ProjectDisplaced was launched to assist job-seekers during COVID-19 — but founder Anthony Cohen says it’s here to stay

ProjectDisplaced

ProjectDisplaced founder Anthony Cohen worked for Qantas for 16 years and had just started a consultancy position when COVID-19 struck.

He and his partner, an orchestral musician, had lost work because of the pandemic, and he says almost everyone he knew was or was going to be impacted.

So Cohen made a post on LinkedIn seeking available roles in the hope of connecting people in the comments. However, when he received more than 3,300 callouts, he realised he wouldn’t achieve the appropriate scale or reach to share these opportunities through this method.

Over the next few days, he set up a jobs board, dubbed ProjectDisplaced. The aim was to assist displaced airline, arts, tourism and hospitality workers, and enable employers to post work opportunities.

After launching on March 16, Cohen says not-for-profit and volunteer-run ProjectDisplaced has grown exponentially. It’s now offering support to all displaced workers across Australia and New Zealand.

“Over the first 14 days, we went from zero views to over 45,000, and we [started worked with] consultants, including HR specialists, recruiters and mental health specialists,” he tells SmartCompany.

“We’ve received great reviews from people who have spoken to consultants and received advice and specialist services.

“That’s where we add value.”

“The urgency isn’t necessarily there”

Starting before the government’s wage subsidy payments — including JobKeeper and JobSeeker — were introduced, Cohen says they were initially filling an urgent gap.

The platform was supported by Mitchell Lake Group and Puffling, who “came on really early and allowed us some breathing room”.

Without disclosing the exact amount, he says the funding they received was significant for someone without a gig, and enabled the platform to cope with strong demand from the outset.

After the first two weeks, the site has experienced a slowdown, with about 8,000 hits each week compared to the first two weeks where, Cohen says, “everyone found themselves out of a job”.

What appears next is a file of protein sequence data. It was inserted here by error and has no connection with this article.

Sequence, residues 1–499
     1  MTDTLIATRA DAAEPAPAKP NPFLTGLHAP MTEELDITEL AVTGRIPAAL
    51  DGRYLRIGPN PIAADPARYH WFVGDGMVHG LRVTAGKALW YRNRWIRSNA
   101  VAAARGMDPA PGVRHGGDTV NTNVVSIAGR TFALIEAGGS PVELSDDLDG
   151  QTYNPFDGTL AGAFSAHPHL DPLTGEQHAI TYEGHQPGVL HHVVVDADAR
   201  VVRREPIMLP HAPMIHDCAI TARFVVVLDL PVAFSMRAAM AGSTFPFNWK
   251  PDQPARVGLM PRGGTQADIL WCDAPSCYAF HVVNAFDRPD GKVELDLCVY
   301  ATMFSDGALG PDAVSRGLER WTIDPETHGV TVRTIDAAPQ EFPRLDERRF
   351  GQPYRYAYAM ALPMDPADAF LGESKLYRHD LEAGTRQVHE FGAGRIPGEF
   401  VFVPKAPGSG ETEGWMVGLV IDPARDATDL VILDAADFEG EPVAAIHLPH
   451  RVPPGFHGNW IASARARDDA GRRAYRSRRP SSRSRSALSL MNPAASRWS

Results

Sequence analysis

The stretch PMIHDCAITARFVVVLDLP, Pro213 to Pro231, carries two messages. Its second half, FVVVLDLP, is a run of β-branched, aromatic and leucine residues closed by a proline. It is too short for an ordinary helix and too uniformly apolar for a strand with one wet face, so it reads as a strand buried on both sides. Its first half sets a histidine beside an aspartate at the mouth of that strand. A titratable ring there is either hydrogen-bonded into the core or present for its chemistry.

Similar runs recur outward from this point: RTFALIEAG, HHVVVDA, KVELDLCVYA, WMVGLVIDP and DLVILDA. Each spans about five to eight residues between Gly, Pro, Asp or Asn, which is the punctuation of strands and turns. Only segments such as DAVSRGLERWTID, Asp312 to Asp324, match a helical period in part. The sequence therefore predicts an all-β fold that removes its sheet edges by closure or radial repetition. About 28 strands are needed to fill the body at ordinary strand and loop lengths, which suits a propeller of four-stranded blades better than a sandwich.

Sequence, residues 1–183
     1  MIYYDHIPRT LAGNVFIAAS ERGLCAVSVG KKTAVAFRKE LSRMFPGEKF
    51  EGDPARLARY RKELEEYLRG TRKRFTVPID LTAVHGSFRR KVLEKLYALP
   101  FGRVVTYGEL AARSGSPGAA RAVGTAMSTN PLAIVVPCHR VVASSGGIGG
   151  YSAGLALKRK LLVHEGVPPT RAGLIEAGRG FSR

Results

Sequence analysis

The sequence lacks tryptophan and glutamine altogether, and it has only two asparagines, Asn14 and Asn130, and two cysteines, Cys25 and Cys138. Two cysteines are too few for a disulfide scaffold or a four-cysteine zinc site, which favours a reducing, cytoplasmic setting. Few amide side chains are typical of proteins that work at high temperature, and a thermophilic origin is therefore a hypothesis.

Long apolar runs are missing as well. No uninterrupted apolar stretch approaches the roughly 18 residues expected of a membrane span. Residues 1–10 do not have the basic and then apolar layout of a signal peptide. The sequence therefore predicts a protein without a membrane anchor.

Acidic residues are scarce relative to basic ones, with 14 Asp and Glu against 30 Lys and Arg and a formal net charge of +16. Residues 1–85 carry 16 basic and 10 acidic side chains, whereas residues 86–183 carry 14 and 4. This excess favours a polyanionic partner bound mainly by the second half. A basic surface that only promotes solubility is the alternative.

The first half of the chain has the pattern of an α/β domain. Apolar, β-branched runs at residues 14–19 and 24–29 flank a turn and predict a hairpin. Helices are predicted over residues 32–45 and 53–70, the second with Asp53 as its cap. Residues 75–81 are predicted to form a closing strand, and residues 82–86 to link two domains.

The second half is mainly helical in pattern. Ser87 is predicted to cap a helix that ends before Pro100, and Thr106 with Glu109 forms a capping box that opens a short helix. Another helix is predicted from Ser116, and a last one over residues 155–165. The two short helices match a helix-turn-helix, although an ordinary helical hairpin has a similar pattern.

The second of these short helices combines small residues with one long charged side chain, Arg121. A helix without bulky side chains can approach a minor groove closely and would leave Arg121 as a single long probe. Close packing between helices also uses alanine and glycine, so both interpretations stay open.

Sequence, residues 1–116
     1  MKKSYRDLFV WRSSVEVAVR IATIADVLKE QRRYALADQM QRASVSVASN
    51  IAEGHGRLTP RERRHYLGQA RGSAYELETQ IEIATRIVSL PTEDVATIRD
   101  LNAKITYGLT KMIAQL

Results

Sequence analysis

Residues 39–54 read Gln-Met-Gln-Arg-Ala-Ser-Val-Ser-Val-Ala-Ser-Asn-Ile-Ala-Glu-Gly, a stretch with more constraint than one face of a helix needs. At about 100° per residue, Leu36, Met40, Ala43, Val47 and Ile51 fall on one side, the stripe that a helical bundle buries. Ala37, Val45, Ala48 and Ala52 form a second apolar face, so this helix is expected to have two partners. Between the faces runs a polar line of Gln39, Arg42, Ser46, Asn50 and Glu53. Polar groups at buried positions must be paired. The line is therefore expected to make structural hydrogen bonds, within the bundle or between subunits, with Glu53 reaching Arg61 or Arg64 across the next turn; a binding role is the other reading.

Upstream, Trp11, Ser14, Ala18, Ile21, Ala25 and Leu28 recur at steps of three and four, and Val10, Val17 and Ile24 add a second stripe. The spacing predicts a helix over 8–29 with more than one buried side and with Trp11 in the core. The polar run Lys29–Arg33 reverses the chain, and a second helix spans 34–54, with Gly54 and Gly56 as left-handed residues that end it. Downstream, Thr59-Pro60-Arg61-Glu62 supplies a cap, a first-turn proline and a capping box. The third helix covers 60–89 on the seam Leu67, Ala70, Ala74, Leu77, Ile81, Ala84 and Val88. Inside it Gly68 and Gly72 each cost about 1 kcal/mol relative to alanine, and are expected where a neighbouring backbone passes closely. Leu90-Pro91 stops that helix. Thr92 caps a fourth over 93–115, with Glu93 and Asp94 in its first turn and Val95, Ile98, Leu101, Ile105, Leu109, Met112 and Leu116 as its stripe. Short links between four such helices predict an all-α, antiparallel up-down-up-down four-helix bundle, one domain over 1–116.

“I think there are a few factors behind that,” he says.

“Because of the government programs that were introduced, there’s a bit of wait and see happening.

“People are also hoping to see business restrictions lifted and activity opening up [which may see] resource requirements return to what they were.

“The [same] urgency isn’t necessarily there.”

“Never designed to be a competitor to SEEK”

Now featuring a team of over 30 people across Australia, and with hits from around the world, ProjectDisplaced will continue to operate post-COVID-19.

Cohen says his priority is providing specialist advice and services — including free resume advice, career planning and job application preparation — for job-seekers and small and medium businesses that need support.

“I didn’t design this to be a competitor to SEEK,” he says.

“What sets us apart is the consulting and job-seeker support we provide, and will continue to provide, moving forward.”

As government wage subsidy programs are set to be changed or eventually removed, Cohen says now is the time to explore these services and prepare for a different future.

“I would love to be the optimist, and I usually am, but I fear we’ll see a second wave of unemployment when JobKeeper finishes,” he says.

“Lots of jobs will return, but they won’t look exactly the same. ProjectDisplaced is a one- to two-year prospect at a minimum, not a short-term thing.”

While COVID-19 has made these services more important, he adds that there was already a need for them prior to the pandemic.

“I think people were happy to explore new opportunities and have confidential chats with recruiters, but … the impact [COVID-19] is having on people’s income and life has really created this opportunity.”

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This article is supported by the Judith Neilson Institute for Journalism and Ideas.

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